Psychological understanding is hindered by the burning emotion. The only winner is Osama bin Laden who has managed to infect the world with what originally was his private world of paranoid and grandiose fantasies. His capacity to infect us with bacteria seems to have been widely exaggerated. As I am writing, not only there is no proof that the anthrax-infected letters were mailed by Islamic fundamentalists but there are reasons to believe that this has been the work of a local mind, reviving the Unabomber in form of a "Una-anthrax." What counts here is rather the following: I would gauge that in mid-October 2001, the U.S. TV channels have been broadcasting hours of information dedicated to bacteria for each 10 minutes dedicated to the war in Afghanistan. We had reasons to sense that an infection was coming but, immersed in such an un-psychological world as we are, we have only been able to project the danger and see it in a material, non-psychological form. In this sense, the terrorists have been even more successful because of our post-modern psychic vulnerability. They didn't have to mail poisoned letters. They didn't have to attack the flight AA 587 which crashed on Queens after September 11. Events have occurred by chance as if the terrorists' will were ruling decisive events of our world. Of our inner world?

Our inner world--are we in the end saying that if we look at things psychologically, we should give up the possibility of criticizing past mistakes of the American administration? Not at all. But in order to really elaborate the American psychological issue, the question "Why so much hate against the U.S.?" should be debated first of all among Americans. Of course one can find antecedents. But if we look for "causes," we might become too mechanical. After all, finding out that it was criminal to support the illegal coup by Pinochet is to discover that water is wet. Besides, the attackers of September 11 were Arabs, not Chileans. The problem is not strictly "genetic." We shouldn't expect to see our nemesis necessarily as a genetic continuation, as a revenge of a victim of Pinochet or of one of their orphans. Rather, nemesis can surface wherever there is a corresponding psychological constellation.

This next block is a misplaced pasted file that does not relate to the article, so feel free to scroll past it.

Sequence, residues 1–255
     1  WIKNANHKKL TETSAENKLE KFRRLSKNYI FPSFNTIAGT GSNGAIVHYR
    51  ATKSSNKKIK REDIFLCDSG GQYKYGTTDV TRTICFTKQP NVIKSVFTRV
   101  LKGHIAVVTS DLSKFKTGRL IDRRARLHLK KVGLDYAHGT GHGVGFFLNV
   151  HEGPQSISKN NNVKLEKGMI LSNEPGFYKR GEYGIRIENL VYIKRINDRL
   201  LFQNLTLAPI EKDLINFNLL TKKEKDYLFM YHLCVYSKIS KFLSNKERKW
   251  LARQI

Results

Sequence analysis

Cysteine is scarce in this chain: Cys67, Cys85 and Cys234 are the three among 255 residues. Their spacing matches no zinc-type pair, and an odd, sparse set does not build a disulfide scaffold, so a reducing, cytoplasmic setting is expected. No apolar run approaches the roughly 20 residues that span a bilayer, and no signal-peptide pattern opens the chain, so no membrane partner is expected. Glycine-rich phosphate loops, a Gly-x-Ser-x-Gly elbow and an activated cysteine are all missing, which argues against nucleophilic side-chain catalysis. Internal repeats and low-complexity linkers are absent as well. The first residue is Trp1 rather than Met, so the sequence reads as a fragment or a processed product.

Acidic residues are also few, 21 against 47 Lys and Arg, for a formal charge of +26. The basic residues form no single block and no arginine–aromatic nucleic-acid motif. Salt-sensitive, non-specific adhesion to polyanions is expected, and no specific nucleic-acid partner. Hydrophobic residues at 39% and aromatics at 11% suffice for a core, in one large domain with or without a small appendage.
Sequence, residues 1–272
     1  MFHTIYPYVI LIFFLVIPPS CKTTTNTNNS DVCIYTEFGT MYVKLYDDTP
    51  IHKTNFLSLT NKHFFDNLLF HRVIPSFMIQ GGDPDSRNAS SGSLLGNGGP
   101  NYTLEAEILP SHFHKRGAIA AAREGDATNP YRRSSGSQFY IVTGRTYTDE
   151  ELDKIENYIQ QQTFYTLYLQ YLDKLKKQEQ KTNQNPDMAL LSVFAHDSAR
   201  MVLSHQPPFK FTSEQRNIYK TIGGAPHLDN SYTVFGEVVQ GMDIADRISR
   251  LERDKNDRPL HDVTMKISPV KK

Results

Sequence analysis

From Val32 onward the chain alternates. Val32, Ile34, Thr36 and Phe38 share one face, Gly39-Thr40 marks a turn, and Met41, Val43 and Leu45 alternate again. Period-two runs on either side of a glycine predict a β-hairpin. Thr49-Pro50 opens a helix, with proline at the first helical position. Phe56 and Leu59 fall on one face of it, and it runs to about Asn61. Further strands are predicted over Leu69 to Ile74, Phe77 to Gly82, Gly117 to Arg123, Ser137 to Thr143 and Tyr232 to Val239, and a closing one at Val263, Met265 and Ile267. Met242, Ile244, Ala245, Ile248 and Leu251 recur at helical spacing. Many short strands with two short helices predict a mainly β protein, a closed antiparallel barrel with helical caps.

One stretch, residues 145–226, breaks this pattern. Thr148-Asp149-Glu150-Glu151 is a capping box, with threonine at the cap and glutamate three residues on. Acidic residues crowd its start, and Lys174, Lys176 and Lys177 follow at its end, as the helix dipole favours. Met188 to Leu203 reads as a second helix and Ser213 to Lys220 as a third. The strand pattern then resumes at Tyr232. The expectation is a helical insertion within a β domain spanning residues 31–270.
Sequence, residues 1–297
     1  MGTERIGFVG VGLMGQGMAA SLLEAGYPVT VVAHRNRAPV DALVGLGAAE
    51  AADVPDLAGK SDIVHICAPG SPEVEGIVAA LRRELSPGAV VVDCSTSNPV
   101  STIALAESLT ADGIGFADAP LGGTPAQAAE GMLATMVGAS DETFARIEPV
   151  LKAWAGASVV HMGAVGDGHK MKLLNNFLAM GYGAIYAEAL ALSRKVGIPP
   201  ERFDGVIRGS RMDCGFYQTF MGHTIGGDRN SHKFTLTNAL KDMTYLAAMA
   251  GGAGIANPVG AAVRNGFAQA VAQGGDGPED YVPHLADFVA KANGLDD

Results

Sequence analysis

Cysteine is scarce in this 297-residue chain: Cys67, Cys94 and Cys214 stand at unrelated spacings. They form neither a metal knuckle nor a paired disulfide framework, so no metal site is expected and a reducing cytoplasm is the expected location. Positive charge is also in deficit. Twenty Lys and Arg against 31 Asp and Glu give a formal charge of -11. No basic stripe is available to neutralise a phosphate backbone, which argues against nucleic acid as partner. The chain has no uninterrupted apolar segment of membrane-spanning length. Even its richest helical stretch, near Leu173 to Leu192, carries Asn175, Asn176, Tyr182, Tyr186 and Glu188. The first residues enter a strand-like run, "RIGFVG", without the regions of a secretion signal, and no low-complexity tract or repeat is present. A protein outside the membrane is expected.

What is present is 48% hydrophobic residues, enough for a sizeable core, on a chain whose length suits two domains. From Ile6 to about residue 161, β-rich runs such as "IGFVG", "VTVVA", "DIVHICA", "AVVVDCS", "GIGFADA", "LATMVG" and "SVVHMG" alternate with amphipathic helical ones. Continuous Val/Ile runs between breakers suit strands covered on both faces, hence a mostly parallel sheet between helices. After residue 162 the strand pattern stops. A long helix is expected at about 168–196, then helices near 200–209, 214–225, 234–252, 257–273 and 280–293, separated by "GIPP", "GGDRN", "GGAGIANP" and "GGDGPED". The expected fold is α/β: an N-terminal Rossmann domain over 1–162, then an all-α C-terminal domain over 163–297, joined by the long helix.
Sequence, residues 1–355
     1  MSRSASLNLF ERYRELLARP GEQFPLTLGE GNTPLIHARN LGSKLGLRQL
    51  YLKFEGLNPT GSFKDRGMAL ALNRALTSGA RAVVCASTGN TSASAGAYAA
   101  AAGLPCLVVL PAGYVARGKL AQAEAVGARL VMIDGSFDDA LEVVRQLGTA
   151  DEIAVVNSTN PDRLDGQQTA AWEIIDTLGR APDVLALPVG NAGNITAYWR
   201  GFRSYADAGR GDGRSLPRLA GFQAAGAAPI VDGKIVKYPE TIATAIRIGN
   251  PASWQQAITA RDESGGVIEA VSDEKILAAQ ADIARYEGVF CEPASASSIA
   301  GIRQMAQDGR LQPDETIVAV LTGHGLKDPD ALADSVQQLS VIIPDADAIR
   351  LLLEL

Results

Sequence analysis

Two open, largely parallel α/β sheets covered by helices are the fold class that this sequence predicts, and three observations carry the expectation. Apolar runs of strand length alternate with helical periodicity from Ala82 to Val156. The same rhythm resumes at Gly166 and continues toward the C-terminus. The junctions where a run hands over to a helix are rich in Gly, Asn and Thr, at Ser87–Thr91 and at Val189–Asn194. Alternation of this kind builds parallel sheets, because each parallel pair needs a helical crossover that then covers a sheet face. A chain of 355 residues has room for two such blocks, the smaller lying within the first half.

In order to be psychological, the link between the terrorists' practices, the practices of the American administration, and the deep reactions of the lay person worldwide, must be searched in terms of meanings and archetypes. Was it an expression of hubris for a superpower to contribute to the illegal and murderous elimination of the legitimately elected president of a much weaker country? Osama bin Laden and the terrorists are a different case, but they exploit the universal--today called "global"--expectation that hubris will be, one day, followed by nemesis.

Being neither lawyers nor generals, we are not in a position to anticipate whether the military actions, or the promised ransom offered for bin Laden, can contribute to the elimination of terrorism. Of course, offering high sums of money can have some effect in desperately poor countries. Being psychologists, though, we wonder to what extent this couldn't also attract Arab sympathy toward the fundamentalists and spur a proud rejection of American money. And of those people close to Osama bin Laden, who could really collaborate toward his capture? Of course, they could count on very high retirement benefits if they were to receive such a ransom. Are people who sacrifice their life without the slightest hesitation really interested in counting on a comfortable third age, a U.S. sponsored retirement plan? Are we sure that this isn't, once again, a miscalculation due to our reductive Western vision?